Student Project Details the History of Housing Segregation in Miami

Overton Neighborhood of Miami in the Early 1940s

Using a grant from the Andrew W. Mellon Foundation, students in an American history course at the University of Miami created a multimedia exhibit entitled Race, Housing, and Displacement in Miami.

Using StoryMap, a platform that combines maps with narrative text, images, and multimedia content, the students conducted research in the university library’s digitized archives, wrote the history of Miami’s segregation, slum clearance, public housing, and gentrification, and interviewed grassroots activists who today are fighting to build a more inclusive and equitable Miami. Along the way, they documented the historic policies and practices that public officials employed to remove Black residents from their homes and neighborhoods.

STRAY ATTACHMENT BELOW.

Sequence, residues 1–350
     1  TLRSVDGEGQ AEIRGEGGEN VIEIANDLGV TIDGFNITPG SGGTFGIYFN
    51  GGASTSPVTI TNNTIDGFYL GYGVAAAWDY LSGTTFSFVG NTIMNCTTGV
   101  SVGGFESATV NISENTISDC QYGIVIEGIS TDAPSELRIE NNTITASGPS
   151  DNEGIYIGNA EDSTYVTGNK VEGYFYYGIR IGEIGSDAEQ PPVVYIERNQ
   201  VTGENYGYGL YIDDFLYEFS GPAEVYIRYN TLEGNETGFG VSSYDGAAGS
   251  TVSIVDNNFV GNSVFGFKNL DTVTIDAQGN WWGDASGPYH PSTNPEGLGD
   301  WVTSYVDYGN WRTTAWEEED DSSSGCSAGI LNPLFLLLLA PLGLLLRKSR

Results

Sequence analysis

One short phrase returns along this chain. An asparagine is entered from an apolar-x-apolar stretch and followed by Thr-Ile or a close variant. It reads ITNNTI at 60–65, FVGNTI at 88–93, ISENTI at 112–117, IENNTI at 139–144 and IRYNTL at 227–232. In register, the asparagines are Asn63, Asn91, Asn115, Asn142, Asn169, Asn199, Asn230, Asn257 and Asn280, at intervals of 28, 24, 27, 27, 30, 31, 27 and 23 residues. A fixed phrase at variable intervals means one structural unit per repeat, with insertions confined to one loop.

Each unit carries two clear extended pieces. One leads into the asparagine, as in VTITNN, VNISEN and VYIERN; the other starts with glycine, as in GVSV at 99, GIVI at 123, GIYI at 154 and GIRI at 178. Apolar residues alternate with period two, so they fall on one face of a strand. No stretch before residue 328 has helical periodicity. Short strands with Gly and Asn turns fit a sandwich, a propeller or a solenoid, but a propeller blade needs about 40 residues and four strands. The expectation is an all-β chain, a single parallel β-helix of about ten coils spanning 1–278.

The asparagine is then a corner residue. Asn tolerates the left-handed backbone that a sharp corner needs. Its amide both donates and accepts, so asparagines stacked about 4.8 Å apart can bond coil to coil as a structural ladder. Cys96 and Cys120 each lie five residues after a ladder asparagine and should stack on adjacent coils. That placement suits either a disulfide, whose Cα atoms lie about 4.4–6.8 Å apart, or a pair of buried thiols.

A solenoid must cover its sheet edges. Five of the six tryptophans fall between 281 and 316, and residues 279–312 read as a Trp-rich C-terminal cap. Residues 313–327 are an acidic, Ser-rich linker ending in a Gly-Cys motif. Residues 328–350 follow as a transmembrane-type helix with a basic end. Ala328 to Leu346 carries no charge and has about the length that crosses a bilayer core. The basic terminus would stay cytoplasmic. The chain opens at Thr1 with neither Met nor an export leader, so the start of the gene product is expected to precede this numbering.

In 1939, after many African Americans living near Miami’s central business district were pushed out of “Colored Town” to Liberty Square, the Miami City Commission ordered the construction of a six-foot wall separating the South’s first Black public housing project from nearby White neighborhoods. Though now only a few feet high, a remnant of that wall still runs along the Liberty City housing project, serving as a stark reminder of the strict color lines of the past.”

“It was shocking to go through the history and see how minority communities were railroaded from home ownership, which is typically the basis for wealth in this country,” said junior Alex Hill, a history and political science major who was one of the students who created the project. “We may not be able to right the wrongs, but at least we can illuminate them, so people actually understand where the issues the city is facing come from.”

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